Tuesday, August 25, 2009

Gratitude felt good today

I'm a referral based business. I don't make cold calls or sit in an office answering phones trying to drum up business. I rely on the referrals of past clients and friends. Thankfully it has worked well for me. And each referral I see as a 'thank you' from a previous client.

Today though I got a written thank you, not the first - but it has been a very busy stressful couple of days, navigating some challenging deals. So for some reason when it arrived it meant alot.

Thought I'd share:

August, 2009


Working with you was a pleasure and even though our search for a house was filled with disappointments and challenges your confidence and constant reassurances as well as hard work has left us in a house that I feel is truly a great investment for us to improve and make our own.

Thank you again!

A very cool client (name withheld)

That made me feel good today.

I have a stack of articles I want to share excerpts from for this/my real estate blog...maybe when the market slows down a bit I'll get to it. (Sorry for those of you in bad markets, but we are busy around here)

Thursday, June 25, 2009

Texas Real Estate Will Sidestep a Deep Decline

From Houston business wire:
June 24, 2009 11:59 AM Eastern Daylight Time
Texas Real Estate Will Sidestep a Deep Decline, According to Lewis Realty Advisors
HOUSTON--(BUSINESS WIRE)--Real estate prices in Texas are generally stable and fears of major declines in property values, similar to what occurred in Texas in the 1980s, are unfounded, according to Lewis Realty Advisors, one of the nation's leading eminent domain consultants and real estate advisory firms.

A decline in the number of transactions and the scarcity of real estate loans have generated a strong belief in the community that values are down sharply, but that is not the case, says David Lewis, chief executive officer of Lewis Realty Advisors.

"National lenders have diminished their lending activity in Texas real estate markets and it is taking longer for buyers to close transactions and receive loans for the deals that do go to completion. However, real property values are not on a great downward slide in the Lone Star State,” said Lewis. “Demand for property in the Texas real estate market is generally good and overbuilding has not been widespread.”

Although there have been some declines in Texas commercial real estate, rental rates have not suffered significantly in most market segments.

While the Texas economy has reported some mild jobs losses, the employment picture in the state outshines the rest of the nation. The major cities of Texas – Houston, Austin, Dallas, and San Antonio have been among the nation’s leaders in job creation over the last year. Furthermore, in the most recent report from the Bureau of Labor Statistics, Austin was the only large city in the nation to report an increase job growth over the last 12 months.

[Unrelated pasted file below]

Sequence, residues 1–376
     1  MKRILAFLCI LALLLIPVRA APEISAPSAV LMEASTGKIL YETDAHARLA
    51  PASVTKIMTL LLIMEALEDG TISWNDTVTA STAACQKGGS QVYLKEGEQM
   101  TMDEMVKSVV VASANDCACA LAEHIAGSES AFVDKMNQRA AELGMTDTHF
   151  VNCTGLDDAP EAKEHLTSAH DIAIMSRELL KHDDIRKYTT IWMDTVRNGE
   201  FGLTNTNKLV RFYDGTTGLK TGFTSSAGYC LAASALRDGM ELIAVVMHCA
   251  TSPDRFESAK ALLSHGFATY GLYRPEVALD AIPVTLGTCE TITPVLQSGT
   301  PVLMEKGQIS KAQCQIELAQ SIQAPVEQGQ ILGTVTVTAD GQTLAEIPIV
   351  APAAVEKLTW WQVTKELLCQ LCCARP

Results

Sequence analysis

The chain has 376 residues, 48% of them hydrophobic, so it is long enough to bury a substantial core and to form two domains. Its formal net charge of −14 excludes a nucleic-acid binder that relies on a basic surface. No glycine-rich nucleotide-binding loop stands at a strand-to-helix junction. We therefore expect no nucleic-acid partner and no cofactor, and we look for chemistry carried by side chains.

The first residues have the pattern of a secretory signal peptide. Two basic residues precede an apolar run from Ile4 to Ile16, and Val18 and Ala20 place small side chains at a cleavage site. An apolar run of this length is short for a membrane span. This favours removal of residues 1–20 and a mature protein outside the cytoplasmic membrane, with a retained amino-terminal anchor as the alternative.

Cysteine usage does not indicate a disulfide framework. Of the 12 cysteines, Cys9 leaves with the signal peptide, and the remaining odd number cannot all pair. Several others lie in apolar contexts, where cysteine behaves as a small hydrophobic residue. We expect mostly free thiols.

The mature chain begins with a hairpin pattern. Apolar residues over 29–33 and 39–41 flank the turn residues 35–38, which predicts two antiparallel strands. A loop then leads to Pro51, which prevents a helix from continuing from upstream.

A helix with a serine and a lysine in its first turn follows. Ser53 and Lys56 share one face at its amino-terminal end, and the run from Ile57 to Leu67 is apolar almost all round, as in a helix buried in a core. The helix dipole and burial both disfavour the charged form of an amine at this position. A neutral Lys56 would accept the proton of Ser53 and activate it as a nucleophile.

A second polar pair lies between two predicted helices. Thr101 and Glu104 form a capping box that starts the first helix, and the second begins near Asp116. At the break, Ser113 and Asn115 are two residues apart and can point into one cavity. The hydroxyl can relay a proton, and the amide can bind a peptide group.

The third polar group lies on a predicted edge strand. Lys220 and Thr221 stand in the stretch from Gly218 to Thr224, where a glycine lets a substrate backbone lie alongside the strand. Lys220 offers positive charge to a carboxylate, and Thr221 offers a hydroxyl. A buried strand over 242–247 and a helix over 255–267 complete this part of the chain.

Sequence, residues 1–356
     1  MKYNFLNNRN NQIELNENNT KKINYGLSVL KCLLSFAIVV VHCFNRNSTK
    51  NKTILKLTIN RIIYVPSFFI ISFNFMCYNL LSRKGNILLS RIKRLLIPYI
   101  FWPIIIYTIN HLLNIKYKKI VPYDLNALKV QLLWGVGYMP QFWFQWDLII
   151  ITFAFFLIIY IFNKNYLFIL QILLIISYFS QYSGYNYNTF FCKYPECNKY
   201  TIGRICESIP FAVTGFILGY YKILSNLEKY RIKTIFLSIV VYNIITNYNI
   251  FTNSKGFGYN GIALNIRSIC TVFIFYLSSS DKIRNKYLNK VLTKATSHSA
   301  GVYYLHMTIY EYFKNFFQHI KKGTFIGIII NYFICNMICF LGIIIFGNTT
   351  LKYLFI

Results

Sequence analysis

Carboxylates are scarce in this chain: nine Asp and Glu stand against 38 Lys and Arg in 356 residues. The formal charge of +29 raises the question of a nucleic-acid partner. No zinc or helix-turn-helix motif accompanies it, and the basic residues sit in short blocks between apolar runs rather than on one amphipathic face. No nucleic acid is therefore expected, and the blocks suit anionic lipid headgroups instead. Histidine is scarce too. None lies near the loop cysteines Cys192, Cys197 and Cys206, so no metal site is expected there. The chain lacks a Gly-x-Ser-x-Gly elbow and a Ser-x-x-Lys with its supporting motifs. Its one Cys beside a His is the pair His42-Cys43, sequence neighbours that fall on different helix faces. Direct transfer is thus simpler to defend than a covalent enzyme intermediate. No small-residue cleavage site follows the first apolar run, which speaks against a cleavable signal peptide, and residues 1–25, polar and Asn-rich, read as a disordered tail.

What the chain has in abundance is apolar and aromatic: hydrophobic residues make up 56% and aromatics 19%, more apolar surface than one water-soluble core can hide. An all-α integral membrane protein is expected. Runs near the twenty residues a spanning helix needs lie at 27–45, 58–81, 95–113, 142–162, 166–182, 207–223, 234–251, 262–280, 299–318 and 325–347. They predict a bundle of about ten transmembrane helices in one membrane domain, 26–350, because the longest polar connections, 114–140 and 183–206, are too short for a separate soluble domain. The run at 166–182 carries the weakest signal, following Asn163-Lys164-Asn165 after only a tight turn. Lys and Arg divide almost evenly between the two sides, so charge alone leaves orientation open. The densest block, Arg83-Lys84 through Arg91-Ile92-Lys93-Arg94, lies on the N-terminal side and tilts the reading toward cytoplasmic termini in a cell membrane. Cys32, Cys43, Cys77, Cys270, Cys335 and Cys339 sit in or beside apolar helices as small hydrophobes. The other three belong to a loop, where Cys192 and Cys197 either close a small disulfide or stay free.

“Texas realty prices did not appreciate wildly like the Californian and East Coast properties did a few years ago. So there is no big decline or correction coming to Texas,” Lewis said.

“Texas real estate markets are definitely softer than they were a few years ago, but the declines are nowhere near the disastrous meltdown of the 1980s and a rebound could be coming as soon as 2010,” Lewis said.

Lewis is a founding board member of the Harris County Appraisal District, a former member of the City of Houston Planning Commission and a past president of the Houston Chapter of the Appraisal Institute. He holds the most distinguished professional designations for real estate consultants and appraisers as Senior Residential Appraiser (SRA) and Member Appraisal Institute (MAI).

Founded in 1961, Lewis Realty Advisors, as noted on www.LewisRealty.com, has handled a wide variety of appraisal and consulting assignments for private property owners and governmental entities. The Houston-based company provides eminent domain counseling, property tax consulting, estate and investment analysis, as well as other counseling and appraisal services.

Friday, May 15, 2009

More about the $8000 tax credit

I want to see all first time homebuyers take advangate of this!

Excerpt from Realtor Mag
The Basics: 2009 First-Time Home Buyer Tax Credit

Bringing the Dream of Homeownership Within Reach
As part of its plan to stimulate the U.S. housing market and address the economic challenges facing our nation, Congress has passed legislation that grants a tax credit of up to $8,000 to first-time home buyers.

Here is more information about how the 2009 First-Time Home Buyer Tax Credit can help prospective home buyers become part of the American dream.

Breaking news: HUD Secretary Donovan announces that the $8,000 tax credit may be used as a downpayment.

Who Qualifies?
First-time home buyers who purchase homes between January 1, 2009 and December 1, 2009.

To qualify as a “first-time home buyer” the purchaser or his/her spouse may not have owned a residence during the three years prior to the purchase.